Having just become a ‘great-godmother’ (a twentysomething goddaughter just gave birth), there’s a new baby in my life. Now, to me, nothing smells better than the top of a baby’s head. That sweet scent is pure, innocent, a clean slate. It’s youth incarnate – just what every cosmetics company struggles to bottle. So perhaps that’s why ‘baby beauty’ lines are something of a phenomenon – and as a result, today, there’s a real possibility that the side of baby’s plastic bath is likely to be just as cluttered as his or her Mum’s.
But there is a huge debate raging about whether or not this is a good thing. When most of us were babes-in-arms, we were washed in elbow-warm water, and probably got a smear of petroleum jelly on the derrière, in the hope of guarding against nappy rash. End of story. Now, babies and children are bubbled clean with foaming bath products, have their backsides swiped several times a day with baby wipes, and are talc-ed, moisturised and even zooshed with scent, sometimes. (Tartine et Chocolat, a French baby clothing brand, actually make a scent for unisex baby-spritzing, which sells well in scent-obsessed Paris, if not so well here…!)
Perhaps unsurprisingly, dermatologist Dr. Michael Cork, a consultant dermatologist at Sheffield University, believes that this could potentially be linked to the dramatic rise in childhood eczema that we’ve seen, in the past decade or so. ‘We wash babies and children more frequently,’ he says. ‘But what we’re doing is washing out the fat in the skin which creates a barrier, so the skin dries out and develops eczema.’ (Central heating, house mites and dust from carpets don’t help, either, he adds.)
According to Dr. Cork, babies really don’t need washing every day; a careful swoosh with a wet cloth is fine, with a bath perhaps every two or three days. (As for washing their hair? If they have any? Let me plead for a return to good old warm water. I don’t think it’s any coincidence that the children I know with cradle cap are the ones whose mothers wash their hair most assiduously. I mean: how grubby can a 6-month-old baby’s hair get, unless you live near a motorway…?) Once children become toddlers, though, bath frequency needs to be stepped up. When they’re crawling, walking and generally getting into the Marmite jar the minute your back’s turned, most children turn into a version of that Peanuts cartoon character Pigpen, in my experience. But even then, there are now increasing numbers of truly natural products out there with which to pamper your petit choux.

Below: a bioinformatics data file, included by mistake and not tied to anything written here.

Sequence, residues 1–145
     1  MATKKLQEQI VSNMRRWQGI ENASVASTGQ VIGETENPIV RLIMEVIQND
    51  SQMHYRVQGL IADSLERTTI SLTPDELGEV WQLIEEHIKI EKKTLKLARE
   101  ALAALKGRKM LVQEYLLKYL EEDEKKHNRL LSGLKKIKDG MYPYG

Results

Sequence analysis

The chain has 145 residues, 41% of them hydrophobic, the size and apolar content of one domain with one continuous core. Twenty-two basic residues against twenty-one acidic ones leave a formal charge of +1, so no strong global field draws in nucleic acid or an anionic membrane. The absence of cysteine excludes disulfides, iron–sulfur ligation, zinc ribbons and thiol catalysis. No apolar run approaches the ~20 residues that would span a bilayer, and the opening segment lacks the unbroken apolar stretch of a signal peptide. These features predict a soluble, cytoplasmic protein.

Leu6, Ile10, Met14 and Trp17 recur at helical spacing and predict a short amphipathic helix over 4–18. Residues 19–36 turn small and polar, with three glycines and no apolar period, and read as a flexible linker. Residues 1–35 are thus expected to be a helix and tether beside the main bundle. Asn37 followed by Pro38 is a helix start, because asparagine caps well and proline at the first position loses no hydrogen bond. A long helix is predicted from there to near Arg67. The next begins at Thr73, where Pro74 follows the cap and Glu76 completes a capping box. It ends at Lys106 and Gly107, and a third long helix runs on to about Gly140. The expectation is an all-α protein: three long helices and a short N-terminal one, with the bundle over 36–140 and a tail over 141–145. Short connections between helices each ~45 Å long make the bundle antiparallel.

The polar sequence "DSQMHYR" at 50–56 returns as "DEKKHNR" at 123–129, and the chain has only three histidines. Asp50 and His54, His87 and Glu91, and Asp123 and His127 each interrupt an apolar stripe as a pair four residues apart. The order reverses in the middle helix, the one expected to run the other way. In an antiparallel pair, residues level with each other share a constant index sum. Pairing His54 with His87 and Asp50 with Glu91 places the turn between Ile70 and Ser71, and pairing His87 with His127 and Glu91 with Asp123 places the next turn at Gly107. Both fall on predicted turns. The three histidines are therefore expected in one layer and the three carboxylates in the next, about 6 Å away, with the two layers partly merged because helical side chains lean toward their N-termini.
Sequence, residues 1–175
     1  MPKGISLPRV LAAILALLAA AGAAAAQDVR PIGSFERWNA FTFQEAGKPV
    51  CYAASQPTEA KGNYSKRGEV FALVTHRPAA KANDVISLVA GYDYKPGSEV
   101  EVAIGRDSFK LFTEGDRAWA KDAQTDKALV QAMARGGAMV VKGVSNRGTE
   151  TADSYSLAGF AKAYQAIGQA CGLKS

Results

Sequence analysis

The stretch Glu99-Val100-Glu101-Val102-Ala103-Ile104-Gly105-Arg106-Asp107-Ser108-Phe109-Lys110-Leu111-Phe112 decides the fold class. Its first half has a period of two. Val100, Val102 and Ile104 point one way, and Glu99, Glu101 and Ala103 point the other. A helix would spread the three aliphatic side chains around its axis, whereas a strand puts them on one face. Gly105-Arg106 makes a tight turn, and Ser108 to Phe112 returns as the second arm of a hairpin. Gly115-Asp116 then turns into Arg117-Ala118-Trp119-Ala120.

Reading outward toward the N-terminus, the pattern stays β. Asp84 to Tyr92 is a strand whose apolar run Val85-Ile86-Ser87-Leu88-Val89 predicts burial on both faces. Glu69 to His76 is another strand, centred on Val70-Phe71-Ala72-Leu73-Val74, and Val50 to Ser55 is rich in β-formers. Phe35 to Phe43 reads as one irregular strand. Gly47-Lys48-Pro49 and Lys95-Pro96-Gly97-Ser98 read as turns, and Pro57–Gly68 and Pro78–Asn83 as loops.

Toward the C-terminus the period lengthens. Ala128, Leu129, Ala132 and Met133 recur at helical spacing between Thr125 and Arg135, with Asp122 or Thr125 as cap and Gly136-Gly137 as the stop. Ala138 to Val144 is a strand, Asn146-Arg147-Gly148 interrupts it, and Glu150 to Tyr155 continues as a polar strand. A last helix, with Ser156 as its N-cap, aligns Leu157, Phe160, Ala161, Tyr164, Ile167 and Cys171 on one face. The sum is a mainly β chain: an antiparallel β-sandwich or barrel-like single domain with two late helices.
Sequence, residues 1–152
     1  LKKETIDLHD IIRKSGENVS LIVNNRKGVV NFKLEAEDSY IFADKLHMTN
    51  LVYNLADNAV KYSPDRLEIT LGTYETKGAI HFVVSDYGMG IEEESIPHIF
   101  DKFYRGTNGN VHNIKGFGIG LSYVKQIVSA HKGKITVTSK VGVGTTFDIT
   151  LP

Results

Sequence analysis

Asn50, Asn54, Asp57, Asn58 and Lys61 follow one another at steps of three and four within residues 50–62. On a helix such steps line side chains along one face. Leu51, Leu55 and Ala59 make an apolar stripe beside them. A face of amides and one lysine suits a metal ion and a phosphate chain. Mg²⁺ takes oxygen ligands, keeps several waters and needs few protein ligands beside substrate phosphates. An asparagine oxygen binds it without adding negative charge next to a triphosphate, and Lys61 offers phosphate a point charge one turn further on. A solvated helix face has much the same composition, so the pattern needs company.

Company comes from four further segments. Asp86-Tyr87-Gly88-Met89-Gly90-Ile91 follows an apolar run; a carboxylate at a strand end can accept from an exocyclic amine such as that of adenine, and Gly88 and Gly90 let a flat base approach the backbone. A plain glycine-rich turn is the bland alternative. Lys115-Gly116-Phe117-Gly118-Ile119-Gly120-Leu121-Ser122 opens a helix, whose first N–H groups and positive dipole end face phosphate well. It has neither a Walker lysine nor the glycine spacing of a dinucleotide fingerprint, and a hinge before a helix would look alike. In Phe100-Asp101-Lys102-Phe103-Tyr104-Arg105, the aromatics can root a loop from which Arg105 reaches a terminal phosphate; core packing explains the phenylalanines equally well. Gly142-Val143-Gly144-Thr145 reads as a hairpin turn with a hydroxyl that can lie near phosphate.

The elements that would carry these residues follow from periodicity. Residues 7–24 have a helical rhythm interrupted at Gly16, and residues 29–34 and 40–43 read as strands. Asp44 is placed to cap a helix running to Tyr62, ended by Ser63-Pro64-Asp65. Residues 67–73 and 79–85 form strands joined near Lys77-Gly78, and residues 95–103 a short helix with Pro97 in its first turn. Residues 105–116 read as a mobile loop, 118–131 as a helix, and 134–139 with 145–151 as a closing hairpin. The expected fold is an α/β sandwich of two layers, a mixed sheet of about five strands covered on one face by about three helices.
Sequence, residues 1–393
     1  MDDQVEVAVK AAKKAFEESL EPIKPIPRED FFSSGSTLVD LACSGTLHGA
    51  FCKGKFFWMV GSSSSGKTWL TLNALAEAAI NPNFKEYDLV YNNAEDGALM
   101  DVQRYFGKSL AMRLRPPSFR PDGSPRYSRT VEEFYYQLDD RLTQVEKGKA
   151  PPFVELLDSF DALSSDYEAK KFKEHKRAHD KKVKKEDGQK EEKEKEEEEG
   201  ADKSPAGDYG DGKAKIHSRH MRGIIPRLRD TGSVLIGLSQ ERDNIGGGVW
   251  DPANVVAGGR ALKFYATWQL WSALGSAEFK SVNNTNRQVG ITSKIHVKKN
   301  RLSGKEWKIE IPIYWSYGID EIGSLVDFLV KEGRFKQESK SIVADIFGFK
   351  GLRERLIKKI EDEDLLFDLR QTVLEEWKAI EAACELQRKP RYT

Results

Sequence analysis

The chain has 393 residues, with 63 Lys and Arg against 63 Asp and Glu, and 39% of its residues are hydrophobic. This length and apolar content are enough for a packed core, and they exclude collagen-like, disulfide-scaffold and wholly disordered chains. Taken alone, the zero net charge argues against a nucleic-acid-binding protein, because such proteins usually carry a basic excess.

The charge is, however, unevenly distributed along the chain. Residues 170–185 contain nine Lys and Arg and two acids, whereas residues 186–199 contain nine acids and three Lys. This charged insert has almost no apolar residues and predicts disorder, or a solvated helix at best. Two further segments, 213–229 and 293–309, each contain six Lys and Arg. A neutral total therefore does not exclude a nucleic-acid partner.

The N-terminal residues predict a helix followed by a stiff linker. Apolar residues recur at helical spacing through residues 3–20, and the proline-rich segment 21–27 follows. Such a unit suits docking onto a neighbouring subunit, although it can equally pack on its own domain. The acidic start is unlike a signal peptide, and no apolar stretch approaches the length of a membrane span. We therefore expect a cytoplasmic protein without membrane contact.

Personally, if I had a small person to look after right now, top of my shopping list would be ranges like Yes to Carrots, Boo Boo Baby, Bentley Organic, Green People, Green Baby, Balm Balm and Aubrey. The formulas aren’t just pure-as-the-driven-snow: the packaging’s user-friendly, too. (I’ll never forget judging a baby product at the Soil Association Organic Beauty Awards a couple of years ago, and it was like being on the Krypton factor – until someone clicked that you have to unravel the cardboard outer canister, to get the inner bottle out. Not something I’d like to have to do with a wailing wee’un in one arm, certainly.)
Just as new mums scan babyfood jars to eliminate E numbers, there are definitely some ingredients I’d be looking to avoid, in babycare – Sodium Lauryl Sulfate (SLS) being top of the list. (That list of no-nos, according to toxicologists like Dr. Samuel Epstein, author of The Safe Shopper’s Bible, also features talc, PEGs, Laureths, Ceteareths, Triethanolamine, Quaterniums and Diazolidinyl urea preservatives). A bit of an urban myth has grown up about SLS being carcinogenic, but few will argue that it is irritating and thins the skin’s barrier. And of course, with babies, that’s a pretty thin barrier in the first place (not a callus or a square centimetre of hard skin anywhere!)
And if you start looking lustfully at the baby potions lined up beside Junior’s changing mat? Yours wouldn’t be the first hand-that-rocks-the-cradle also to grabs junior’s beauty supplies. ‘Many women have the image that if these lines are gentle enough for a baby, then they won’t cause them any cosmetic harm,’ says respected Manhattan dermatologist Dr. Dennis Gross. ‘And in general, that’s right. They normally contain less of the things that can irritate adult skin: alcohol, fragrance and preservatives.’ Well worth considering for the sensitive-skinned among you, then.
The bottom line, though – the baby’s-bottom line! – is that (dare I say it?) in reality, we probably use far, far more products on babies these days than we need to. Less really can be more. Yes, use a shake of cornstarch-based powder to keep baby drier. Sure, if hair is really dirty, reach for the (ultra-gentle) shampoo, but don’t do it ritually. (I would, however, say that baby massage oil is a definite must: as Gwyneth Paltrow has declared in interviews, nothing bonds a mother and baby better than regular baby massage.)
The other very best thing about natural baby ranges – as opposed to some of their more synthetic, high-foaming counterparts – is that they’re very subtly scented. After all, if you’ve been given the sweetest-smelling gift in the world – a baby – why would you want to cover that up with a scent dreamed up in the lab of a multinational fragrance house? Something to ponder on, during the baby’s next nap. (If you aren’t snoring gently yourself, at that point…)